The hotline consultants also agreed that there is insufficient evidence to determine the estimated risk of non-anesthetic MH-like illness in patients with suspected or confirmed MH susceptibility and thus requires a confident risk-benefit analysis which is currently not possible. It was agreed that as providers, we must communicate with families, coaches, athletic trainers, and the patient’s physicians to ensure that signs and symptoms of an MH-like event are quickly recognized and treatment is rapidly instituted. The consultants agreed that MH-susceptible patients who have not experienced adverse effects of heat and exercise should not restrict their activity, and may participate in competitive athletics. However, consultants advise patients to carry identification of their susceptibility and inform those responsible for their care of their MH status.  MH susceptible patients who have experienced adverse effects of heat or exercise should restrict their activity based on their own experience and consult with an MH expert, expert neurologist or sports medicine physician familiar with both MH and the adverse effects of heat and exercise.  Relatives of MHS patients should be informed and remain aware of their family history of MH.  At the present state of the art, deciding which relatives are at risk is a matter of clinical judgement and will remain so until reliable, non-invasive tests are widely available.  

References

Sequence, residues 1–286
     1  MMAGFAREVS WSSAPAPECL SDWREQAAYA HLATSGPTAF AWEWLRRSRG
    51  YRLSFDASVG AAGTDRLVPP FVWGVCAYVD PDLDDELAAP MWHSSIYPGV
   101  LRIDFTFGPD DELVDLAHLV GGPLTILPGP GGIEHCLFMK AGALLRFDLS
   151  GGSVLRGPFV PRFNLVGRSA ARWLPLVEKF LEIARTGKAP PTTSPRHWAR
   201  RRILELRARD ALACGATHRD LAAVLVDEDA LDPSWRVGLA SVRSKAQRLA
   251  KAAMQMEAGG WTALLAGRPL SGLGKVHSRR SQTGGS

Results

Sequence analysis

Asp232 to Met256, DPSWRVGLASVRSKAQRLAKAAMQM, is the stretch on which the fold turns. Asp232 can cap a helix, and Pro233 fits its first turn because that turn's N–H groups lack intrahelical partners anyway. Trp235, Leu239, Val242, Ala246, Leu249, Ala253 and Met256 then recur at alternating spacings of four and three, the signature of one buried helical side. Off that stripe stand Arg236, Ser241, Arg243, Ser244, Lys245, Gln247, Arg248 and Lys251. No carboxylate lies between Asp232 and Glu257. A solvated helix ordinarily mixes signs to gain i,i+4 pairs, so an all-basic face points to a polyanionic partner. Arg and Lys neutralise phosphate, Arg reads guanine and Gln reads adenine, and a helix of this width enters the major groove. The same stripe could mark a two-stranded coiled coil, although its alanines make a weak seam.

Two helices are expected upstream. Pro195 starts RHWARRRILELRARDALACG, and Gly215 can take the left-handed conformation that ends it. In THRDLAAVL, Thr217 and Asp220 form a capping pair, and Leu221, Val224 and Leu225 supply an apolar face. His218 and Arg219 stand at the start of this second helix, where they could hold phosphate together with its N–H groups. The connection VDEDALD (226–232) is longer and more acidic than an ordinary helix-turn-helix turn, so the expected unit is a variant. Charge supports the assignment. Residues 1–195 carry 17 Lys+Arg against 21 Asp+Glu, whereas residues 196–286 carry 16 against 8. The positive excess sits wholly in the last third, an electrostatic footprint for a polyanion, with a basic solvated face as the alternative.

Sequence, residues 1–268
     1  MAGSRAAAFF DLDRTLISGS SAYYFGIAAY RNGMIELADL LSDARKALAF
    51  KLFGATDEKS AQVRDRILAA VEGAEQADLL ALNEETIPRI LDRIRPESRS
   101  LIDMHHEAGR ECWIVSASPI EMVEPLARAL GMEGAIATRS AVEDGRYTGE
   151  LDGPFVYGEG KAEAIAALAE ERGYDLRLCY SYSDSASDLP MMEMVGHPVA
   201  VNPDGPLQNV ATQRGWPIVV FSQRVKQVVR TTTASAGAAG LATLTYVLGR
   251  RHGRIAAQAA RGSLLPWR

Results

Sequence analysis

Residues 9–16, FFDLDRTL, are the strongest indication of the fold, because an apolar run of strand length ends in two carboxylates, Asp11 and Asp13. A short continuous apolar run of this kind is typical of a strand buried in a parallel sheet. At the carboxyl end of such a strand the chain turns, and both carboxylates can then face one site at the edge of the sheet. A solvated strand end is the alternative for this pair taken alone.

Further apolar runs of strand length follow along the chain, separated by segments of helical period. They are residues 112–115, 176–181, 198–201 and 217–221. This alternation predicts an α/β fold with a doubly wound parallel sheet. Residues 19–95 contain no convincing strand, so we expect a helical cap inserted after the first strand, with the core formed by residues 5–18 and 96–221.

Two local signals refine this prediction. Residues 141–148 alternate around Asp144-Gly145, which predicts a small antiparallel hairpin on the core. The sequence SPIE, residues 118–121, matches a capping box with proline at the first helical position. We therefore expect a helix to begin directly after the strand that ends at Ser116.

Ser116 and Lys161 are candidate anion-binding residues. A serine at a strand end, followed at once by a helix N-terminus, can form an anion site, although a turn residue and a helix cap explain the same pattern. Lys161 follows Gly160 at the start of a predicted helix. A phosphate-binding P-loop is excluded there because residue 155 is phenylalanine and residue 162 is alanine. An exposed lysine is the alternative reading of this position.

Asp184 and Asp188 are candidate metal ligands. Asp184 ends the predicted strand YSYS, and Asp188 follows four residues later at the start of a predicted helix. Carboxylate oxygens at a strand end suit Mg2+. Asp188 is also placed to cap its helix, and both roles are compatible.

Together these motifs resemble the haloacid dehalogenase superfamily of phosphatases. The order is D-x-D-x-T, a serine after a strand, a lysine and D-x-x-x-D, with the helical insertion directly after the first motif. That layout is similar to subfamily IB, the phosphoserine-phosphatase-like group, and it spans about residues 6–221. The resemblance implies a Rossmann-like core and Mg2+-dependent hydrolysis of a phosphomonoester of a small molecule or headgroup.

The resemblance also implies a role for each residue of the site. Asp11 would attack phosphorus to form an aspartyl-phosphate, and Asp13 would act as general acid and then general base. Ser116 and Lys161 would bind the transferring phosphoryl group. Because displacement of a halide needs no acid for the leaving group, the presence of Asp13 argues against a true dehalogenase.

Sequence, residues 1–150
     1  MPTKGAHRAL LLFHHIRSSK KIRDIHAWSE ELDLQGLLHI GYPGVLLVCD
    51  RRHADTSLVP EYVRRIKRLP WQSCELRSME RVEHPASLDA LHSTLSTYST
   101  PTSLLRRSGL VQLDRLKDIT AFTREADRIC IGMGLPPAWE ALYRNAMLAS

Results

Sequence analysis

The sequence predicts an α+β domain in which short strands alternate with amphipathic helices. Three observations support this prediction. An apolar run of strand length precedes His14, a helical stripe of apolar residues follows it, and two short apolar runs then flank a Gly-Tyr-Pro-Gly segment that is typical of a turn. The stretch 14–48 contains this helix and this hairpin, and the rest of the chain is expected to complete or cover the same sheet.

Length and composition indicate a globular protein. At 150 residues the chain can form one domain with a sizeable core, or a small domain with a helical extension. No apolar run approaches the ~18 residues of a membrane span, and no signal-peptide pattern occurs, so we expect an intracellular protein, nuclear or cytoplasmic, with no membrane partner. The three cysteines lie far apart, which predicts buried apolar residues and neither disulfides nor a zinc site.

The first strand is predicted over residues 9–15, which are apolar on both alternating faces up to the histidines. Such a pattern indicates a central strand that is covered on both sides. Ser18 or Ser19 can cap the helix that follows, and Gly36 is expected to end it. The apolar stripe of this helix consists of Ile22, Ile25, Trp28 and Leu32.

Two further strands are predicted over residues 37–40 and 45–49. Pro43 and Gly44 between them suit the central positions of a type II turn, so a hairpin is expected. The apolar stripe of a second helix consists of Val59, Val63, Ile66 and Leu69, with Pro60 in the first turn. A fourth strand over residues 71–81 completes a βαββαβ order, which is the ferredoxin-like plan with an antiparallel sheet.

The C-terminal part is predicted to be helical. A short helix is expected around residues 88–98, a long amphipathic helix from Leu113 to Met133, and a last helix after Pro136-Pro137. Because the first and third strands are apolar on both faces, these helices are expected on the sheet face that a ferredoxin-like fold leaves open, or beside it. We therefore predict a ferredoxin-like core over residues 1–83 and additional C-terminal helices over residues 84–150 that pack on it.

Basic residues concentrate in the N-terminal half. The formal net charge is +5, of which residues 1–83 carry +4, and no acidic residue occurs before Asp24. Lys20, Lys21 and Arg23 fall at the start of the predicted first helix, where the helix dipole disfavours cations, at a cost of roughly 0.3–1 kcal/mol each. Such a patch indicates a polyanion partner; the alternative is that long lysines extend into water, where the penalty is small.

1.         Hopkins PM: Is there a link between malignant hyperthermia and exertional heat illness? Br J Sports Med 2007; 41: 283-4; discussion 284

2.         Muldoon S, Deuster P, Voelkel M, Capacchione J, Bunger R: Exertional heat illness, exertional rhabdomyolysis, and malignant hyperthermia: is there a link? Curr Sports Med Rep 2008; 7: 74-80

3.         Lydiatt JS, Hill GE: Treatment of heat stroke with dantrolene. JAMA 1981; 246: 41-2

4.         Bendahan D, Kozak-Ribbens G, Confort-Gouny S, Ghattas B, Figarella-Branger D, Aubert M, Cozzone PJ: A noninvasive investigation of muscle energetics supports similarities between exertional heat stroke and malignant hyperthermia. Anesth. Analg 2001; 93: 683-689

5.         Durham WJ, Aracena-Parks P, Long C, Rossi AE, Goonasekera SA, Boncompagni S, Galvan DL, Gilman CP, Baker MR, Shirokova N, Protasi F, Dirksen R, Hamilton SL: RyR1 S-nitrosylation underlies environmental heat stroke and sudden death in Y522S RyR1 knockin mice. Cell 2008; 133: 53-65